Collaborative design coupled with strong decision-making processes and comprehensive spatial planning techniques can help support the growth of resilient future communities and environments.

This is the first in a series of articles by WSP exploring issues and opportunities for the design and development of regions across Aotearoa New Zealand. Read on to hear about how we can better approach the future visions and spatial planning for our neighbourhoods, towns and cities.

Growth, regenerative planning and resilience in a time of change

What happens next? At last count, Wellington-Wairarapa-Horowhenua was home to over half a million people – residing mainly in the capital or in one of dozens of towns and villages peppered across the region, and this population is continuing to grow. “The Wellington-Horowhenua region has an important role in the prosperity and governance of New Zealand. It is home to the capital, is the country’s second-largest metropolitan economy.” (Wellington Regional Growth Framework Report, July 2021)

Just like other parts of the country, being able to thrive in the face of environmental and social change is a priority for people in the Lower North Island. Regenerative planning is becoming central to future-focused eco-systems and resilient spatial outcomes. A regenerative approach enhances and contributes back to our communities across-the-board; socially, environmentally and culturally – creating multi-faceted resilience. The ability of future generations to enjoy a quality of life that offers diversity of lifestyle choices, amenity, housing and activities depends on how successfully we collectively navigate and implement spatial planning, to ‘preserve’, ‘enhance’ and ‘grow’ our regions. Decisions made need to be made by many people and agencies to inform integrated solutions that support ambitions and pressing needs of the long-term, whilst also accommodating iterative and interim plans where outcomes are required at pace.

In these times of rapid change, the impetus is now! Opportunities for development and growth in the region are unfolding alongside climate change and social and economic upheaval. Spatial planning must be responsive and sensitive to these changes and help conserve, regenerate and restore our precious natural environment as we evolve our local communities and their ability to build place, activity, amenity and prosperous populations into the generations ahead.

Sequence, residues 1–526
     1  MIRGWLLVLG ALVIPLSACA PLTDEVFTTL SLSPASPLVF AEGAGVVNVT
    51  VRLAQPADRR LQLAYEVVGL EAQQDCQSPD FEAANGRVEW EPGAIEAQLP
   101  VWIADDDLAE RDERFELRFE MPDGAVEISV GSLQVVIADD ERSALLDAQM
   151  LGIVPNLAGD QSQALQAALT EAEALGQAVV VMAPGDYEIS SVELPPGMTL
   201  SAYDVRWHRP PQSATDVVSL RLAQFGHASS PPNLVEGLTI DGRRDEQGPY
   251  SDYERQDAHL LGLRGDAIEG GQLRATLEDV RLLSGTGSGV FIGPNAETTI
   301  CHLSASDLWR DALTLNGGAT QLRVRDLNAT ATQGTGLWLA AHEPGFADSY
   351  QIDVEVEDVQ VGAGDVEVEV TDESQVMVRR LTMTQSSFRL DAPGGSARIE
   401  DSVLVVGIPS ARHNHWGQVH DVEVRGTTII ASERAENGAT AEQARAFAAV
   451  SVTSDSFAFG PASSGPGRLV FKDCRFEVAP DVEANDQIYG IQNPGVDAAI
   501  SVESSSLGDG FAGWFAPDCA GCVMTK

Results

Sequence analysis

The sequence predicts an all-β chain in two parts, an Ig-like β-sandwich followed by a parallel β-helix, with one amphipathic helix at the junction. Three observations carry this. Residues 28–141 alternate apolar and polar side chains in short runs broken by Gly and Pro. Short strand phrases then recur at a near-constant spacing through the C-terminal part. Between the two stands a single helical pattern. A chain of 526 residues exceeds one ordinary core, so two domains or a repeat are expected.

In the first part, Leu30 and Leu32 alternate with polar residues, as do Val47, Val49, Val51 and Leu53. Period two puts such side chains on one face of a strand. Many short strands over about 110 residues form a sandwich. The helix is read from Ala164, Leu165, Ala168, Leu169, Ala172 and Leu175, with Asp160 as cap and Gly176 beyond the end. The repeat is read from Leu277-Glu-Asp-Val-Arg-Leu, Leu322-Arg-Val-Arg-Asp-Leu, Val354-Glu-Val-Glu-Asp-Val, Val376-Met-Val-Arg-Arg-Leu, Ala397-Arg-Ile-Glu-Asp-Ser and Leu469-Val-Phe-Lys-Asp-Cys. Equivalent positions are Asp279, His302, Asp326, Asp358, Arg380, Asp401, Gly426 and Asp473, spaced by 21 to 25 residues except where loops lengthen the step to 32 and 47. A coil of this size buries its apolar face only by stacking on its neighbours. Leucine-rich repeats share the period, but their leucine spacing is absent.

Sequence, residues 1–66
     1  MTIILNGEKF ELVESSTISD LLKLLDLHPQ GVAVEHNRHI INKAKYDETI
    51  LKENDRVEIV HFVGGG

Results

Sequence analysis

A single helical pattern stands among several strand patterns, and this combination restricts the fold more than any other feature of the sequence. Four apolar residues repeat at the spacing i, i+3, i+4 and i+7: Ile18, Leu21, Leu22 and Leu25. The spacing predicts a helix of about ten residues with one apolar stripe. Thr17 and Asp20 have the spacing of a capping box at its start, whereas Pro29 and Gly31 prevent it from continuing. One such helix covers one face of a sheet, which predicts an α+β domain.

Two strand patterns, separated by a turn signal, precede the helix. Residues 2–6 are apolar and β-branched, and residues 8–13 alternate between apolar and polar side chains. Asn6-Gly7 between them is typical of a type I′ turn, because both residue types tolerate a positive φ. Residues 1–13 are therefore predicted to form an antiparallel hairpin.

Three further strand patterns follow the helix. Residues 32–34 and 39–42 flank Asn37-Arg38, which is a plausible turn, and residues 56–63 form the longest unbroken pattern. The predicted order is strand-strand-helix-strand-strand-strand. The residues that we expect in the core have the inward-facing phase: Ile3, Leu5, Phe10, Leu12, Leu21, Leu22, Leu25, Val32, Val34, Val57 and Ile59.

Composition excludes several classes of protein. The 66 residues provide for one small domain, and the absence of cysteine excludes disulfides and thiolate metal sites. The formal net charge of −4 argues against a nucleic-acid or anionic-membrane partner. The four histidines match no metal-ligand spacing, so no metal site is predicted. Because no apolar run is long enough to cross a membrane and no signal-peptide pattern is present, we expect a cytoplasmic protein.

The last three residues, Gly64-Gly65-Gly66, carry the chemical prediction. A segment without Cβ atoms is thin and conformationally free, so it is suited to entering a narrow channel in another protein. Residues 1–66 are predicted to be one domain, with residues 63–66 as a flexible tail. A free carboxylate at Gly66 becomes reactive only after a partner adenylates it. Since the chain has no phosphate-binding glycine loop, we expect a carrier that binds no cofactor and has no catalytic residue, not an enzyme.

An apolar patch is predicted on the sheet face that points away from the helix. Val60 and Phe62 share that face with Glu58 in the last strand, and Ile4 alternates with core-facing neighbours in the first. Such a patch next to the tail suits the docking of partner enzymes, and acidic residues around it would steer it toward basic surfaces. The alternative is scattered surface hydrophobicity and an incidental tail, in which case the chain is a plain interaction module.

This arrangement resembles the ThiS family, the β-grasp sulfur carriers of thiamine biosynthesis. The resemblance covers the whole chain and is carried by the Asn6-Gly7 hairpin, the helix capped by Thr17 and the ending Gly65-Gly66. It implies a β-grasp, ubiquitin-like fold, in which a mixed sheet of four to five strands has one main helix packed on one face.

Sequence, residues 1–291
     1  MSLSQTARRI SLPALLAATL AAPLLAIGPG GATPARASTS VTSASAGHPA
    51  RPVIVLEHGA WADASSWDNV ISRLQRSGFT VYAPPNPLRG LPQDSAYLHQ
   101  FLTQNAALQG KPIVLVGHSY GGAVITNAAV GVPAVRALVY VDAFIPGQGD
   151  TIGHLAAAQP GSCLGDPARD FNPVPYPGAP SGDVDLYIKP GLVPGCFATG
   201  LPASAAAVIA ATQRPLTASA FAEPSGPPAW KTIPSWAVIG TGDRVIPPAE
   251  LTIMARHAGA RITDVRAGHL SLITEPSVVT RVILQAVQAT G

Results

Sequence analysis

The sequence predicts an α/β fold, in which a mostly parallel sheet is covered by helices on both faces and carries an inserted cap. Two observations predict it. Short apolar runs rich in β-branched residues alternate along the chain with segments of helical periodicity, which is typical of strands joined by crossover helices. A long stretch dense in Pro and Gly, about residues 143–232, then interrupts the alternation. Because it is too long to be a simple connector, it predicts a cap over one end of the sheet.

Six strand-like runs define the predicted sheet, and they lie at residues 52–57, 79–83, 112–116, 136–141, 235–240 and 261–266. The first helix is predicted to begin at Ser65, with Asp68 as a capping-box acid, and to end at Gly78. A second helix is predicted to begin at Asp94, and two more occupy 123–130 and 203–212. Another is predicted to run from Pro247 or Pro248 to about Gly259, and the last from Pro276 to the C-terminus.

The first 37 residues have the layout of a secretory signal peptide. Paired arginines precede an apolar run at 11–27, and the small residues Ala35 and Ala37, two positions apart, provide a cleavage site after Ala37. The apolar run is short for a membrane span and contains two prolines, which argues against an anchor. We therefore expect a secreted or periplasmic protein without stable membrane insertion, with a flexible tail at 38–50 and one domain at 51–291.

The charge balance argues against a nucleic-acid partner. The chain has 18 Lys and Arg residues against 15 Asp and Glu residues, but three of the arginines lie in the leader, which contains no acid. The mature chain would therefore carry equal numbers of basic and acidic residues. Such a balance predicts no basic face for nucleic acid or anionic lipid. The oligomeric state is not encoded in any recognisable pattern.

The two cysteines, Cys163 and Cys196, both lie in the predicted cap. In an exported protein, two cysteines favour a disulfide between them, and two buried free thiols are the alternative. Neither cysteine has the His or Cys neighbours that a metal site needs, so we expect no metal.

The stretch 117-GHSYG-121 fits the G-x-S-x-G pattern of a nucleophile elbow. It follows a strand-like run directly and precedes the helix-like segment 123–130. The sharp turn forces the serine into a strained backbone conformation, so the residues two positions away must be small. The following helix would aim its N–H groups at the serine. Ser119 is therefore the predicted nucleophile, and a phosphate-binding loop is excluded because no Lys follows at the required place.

Looking through long-term visions for towns and cities in the Lower North Island, words like ‘resilient’, ‘collaborative’, ‘regenerative’, ‘climate-positive’,  ‘progressive’, ‘community-centred’, ‘connected’ and ‘dynamic’ are the key-notes of the future. Spatial planning has an essential role to play in guiding, realising and supporting the implementation these kinds of initiatives and aspirations.

Growing the region’s towns and cities for all, must be representative of all and woven into the spatial planning frameworks, the governance understandings and thus, delivered in the built realities – helping us all to feel connected and love where we live, learn, work, gather and play. Participative engagement across our communities establishes collective, creative visions where people are enabled to play-a-part of the process and contribute to their own futures, places and potential.

To get the big things right, we need to get the small things right too. When we think about spatial planning, the ‘macro’ context describes what is happening at a strategic level, the ‘micro’ context describes how it affects people day-to-day. For example, it’s important to have an excellent broadly spanning, multimodal transport network, but it’s also important that this system works for people, step-by-step, door-to-door (from a user’s-experience point of view).

Communities, practitioners and leaders need to think big and strategically, but also apply actions and contributions at that ‘micro’ level. In other words, we need to bring visions together with strategies and deliver pragmatic realities across all scales, understanding the intersection of hierarchies, various networks, visions and minute effects, outcomes and experiences. We must embed the collective visions and grass-roots concerns of our communities into the high-level projected growth scenarios and frameworks for our regions – ensuring we can respond to the pressing regional issues facing our regions from a people’s perspective as well as from a planning and policy perspective.

Right – so where do we focus our attention?

Ka ora te whenua, ka ora te tangata. (When the land is well, the people will be well.)

When it comes to resilient growth, there’s lots of issues across the region that need attention. These include:

  • Water management, energy and infrastructure
  • Intensification, Mixed-use and Housing (and iwi housing)
  • Environmental Management, Resilience and Climate Response
  • Transport, Connectivity and Multi-modal networks
  • Community, Well-being, Employment and Economy
  • Nature, Ecology and Biodiversity

Improving these six areas will go a long way towards building more resilient environments and communities. In each area, local authorities are working hard to create plans that outline meaningful immediate, short, mid and long-term actions. Where there are growth strategies and plans proposed, it’s essential that governance models provide for mutually inclusive environmental and cultural goals, asset management initiatives and infrastructure planning.